Machine safety systems can be integrated with or separate from automation; here are the factors designers should consider when choosing the approach.
By Larry Renolds, AutomationDirect
Factory equipment automation can be deemed a critical application, yet it is clear that properly designing the safety aspects are even more crucial. This has typically meant applying safety components to the fundamental automation system. The purpose of a safety system is to bring a machine to a safe state as quickly as possible if a safety sensor is triggered, an e-stop pushbutton is activated, or any other safety-related anomaly is detected.
Begin with a Risk Assessment
The first step is for qualified personnel to perform a risk assessment following methods outlined in various industry standards. Potential unsafe conditions, such as an out-of-place guard, a worker-present sensor, or an activated emergency stop button must be identified, along with ways for bringing the equipment to a safe state.
What is a Safe State?
Most often, a safe state is achieved by removing sources of energy such as electricity, compressed air, or hydraulics. Sometimes mechanisms must be engaged to slow or lock the equipment, or power may need to be maintained to hold the equipment in the safe state.
Ways to Achieve Safety
There are three main technical paths to sense unsafe conditions and drive equipment to a safe state:
- Basic safety relays
- Individual safety controllers or safety-rated smart relays
- Fully integrated equipment/safety control systems such as a safety programmable logic controller (PLC)
Designers must balance hardware costs, installation costs, design effort, programming/configuration effort, and more.
Simple and Reliable: Basic Safety Relays
Incorporating hardwired safety relays is the traditional method of providing machine safety, and these components can be arranged to de-energize many types of systems. They can integrate with simple devices like emergency stop buttons, or more advanced sensors like light curtains (Figure 1).
Modern safety relays are a tried-and-true approach using standardized components (Figure 2). Safety relays are easy for design and operations personnel to work with, but are less suitable for complex designs, require significant field wiring, and are harder to modify.
More Flexibility: Individual Safety Controllers
Robust digital industrial automation electronics have enabled a progression from basic safety relays to individual safety controllers (Figure 3). Some of these devices may be all-in-one, with inputs and outputs (I/O) right on board the base device. Other form factors are modular, so users can choose the exact controller, inputs, outputs, and communication they need, for good expandability and flexible connection with many types of field device.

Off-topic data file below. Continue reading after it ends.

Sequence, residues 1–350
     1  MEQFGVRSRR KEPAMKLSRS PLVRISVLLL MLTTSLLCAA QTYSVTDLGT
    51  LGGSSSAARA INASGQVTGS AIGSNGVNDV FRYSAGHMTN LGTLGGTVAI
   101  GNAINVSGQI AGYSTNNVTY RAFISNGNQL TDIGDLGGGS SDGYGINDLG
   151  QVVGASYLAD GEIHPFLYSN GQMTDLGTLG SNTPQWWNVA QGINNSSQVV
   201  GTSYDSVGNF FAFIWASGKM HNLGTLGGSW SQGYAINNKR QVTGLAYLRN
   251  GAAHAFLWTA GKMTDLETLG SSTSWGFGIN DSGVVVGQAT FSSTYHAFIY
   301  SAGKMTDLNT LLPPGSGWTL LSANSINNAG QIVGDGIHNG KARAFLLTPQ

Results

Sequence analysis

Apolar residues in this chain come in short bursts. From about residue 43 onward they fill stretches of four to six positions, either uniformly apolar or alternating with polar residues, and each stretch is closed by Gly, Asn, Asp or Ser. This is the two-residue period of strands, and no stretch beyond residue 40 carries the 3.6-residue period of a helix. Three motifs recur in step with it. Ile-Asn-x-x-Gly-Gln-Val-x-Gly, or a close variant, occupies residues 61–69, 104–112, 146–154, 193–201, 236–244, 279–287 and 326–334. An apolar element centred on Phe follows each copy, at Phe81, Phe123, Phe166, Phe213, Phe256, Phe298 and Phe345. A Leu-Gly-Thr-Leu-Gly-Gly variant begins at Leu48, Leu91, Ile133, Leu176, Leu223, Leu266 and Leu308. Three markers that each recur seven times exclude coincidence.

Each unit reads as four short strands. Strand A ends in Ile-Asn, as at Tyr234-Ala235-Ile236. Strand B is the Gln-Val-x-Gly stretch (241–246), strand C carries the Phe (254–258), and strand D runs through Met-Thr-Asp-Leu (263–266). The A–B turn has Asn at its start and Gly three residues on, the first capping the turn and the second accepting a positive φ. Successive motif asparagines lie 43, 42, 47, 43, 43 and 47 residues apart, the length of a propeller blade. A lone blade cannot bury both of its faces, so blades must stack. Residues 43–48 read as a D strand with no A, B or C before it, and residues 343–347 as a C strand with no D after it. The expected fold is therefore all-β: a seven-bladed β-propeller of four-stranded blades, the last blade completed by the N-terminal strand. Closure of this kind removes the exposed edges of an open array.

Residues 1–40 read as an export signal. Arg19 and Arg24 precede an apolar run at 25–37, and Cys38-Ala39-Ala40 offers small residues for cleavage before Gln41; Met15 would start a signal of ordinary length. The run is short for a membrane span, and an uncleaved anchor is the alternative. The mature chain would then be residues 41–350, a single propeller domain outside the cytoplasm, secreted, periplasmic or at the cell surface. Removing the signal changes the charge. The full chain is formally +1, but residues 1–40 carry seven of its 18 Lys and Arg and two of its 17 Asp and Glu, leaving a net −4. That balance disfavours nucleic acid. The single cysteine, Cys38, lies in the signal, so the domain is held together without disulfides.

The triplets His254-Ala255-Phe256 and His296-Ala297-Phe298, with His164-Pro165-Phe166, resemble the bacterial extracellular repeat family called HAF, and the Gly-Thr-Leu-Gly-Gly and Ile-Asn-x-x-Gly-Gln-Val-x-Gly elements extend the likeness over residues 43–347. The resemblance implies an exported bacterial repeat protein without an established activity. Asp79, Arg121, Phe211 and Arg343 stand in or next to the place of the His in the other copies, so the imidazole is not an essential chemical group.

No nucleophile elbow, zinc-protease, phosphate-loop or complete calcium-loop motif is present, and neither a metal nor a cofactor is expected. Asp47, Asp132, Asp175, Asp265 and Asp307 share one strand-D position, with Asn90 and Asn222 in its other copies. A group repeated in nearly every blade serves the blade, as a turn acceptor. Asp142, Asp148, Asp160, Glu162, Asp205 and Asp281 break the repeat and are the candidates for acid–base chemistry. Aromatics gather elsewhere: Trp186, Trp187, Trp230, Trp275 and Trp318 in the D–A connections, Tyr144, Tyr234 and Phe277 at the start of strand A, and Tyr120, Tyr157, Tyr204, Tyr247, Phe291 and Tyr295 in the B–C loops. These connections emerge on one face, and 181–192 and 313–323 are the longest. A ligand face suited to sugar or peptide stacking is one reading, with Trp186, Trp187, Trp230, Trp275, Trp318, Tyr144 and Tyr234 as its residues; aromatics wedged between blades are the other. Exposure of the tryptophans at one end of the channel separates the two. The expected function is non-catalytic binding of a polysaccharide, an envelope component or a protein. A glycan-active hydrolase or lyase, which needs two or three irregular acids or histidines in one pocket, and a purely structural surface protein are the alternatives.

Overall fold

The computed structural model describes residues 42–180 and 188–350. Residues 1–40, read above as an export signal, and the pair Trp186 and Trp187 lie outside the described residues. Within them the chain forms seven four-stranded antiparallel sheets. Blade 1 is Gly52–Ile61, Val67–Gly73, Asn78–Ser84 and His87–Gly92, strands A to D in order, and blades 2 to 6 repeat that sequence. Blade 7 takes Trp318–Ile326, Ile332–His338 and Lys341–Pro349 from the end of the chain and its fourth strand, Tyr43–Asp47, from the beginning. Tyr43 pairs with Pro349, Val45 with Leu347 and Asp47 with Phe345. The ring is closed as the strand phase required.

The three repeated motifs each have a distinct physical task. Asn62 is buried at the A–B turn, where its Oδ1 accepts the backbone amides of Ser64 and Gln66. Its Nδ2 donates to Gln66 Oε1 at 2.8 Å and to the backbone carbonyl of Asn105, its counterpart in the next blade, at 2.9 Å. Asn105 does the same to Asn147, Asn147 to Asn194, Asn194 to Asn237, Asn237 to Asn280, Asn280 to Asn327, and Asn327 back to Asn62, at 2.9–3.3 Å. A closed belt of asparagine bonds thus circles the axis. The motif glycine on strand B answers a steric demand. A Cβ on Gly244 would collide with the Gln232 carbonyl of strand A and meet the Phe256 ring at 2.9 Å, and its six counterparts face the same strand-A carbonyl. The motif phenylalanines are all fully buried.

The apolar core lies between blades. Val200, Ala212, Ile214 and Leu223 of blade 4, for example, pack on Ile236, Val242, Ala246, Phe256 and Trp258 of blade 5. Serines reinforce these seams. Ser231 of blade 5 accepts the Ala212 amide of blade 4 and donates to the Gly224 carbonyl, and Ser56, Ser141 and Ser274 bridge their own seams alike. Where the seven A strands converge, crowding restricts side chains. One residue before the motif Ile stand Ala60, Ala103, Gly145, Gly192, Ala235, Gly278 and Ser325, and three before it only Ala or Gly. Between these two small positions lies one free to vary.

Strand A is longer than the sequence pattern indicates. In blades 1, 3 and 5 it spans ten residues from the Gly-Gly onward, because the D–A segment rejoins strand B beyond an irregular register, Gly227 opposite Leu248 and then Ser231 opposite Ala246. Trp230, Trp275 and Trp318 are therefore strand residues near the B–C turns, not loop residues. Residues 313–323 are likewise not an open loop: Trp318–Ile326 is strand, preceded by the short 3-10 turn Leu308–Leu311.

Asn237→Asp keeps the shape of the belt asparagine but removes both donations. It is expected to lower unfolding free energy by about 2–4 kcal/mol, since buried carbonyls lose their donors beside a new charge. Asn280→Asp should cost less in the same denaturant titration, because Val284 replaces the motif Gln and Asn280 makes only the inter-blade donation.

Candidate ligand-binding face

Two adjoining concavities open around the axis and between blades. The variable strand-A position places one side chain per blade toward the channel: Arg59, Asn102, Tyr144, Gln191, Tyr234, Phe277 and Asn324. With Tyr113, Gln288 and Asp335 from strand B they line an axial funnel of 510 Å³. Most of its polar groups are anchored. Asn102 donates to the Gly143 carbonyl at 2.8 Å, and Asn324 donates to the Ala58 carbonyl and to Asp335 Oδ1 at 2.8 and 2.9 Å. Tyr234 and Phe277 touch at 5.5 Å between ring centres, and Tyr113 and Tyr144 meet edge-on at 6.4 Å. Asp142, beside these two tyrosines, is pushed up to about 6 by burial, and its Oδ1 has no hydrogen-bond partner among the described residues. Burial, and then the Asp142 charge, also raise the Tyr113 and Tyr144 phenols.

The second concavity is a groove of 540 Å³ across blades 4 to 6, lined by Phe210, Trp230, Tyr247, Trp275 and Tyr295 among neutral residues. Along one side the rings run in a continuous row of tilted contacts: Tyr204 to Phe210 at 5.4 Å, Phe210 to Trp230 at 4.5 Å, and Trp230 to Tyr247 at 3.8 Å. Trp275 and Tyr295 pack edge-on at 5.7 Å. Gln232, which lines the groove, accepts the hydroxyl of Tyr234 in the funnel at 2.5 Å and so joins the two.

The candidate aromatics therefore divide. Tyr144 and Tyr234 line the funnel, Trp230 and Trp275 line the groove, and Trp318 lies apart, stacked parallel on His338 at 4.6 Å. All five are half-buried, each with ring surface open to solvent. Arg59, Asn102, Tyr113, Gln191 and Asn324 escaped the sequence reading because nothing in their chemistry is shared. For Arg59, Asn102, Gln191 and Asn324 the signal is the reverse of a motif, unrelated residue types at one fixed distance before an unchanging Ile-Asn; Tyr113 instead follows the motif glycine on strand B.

Individual safety controllers are software-configurable. Users can assign and even overlap safety zones, or they can modify the configuration without wiring changes. Digital communication options enable these controllers to be conveniently monitored by non-safety rated systems. For larger I/O counts, a safety controller solution can become comparatively less expensive than using basic safety relays (Figure 4).
Equipment Control Fully Integrated with Safety Control
There are also specialized safety-rated PLCs, combining the equipment control abilities of standard PLCs with appropriate safety ratings. They are very flexible, and because equipment control and safety functionality are both handled within a single controller, they are closely integrated within a consistent programming environment.
The complexity of fully integrated safety PLCs comes at a price, which is higher for the hardware platform itself and demands greater programming skill. The more specialized nature of these controllers is more challenging for end users to support as compared with standard PLCs and simpler safety systems. Typical applications for this type of solution are found when a large proportion of the I/O points are safety related.
Protect Equipment and Personnel with the Best Choice
Automation safety concepts can be applied to equipment protection, but personnel safety is always the highest concern and must be accomplished in accordance with industry standards.
For simple equipment with just a few safety I/O points, basic safety relays are economical and easy to use. For higher I/O counts or where PLC integration is needed, safety controllers are an excellent fit. Fully integrated safety-rated PLCs can help OEMs to streamline their designs, but are more complex and will often require personnel training.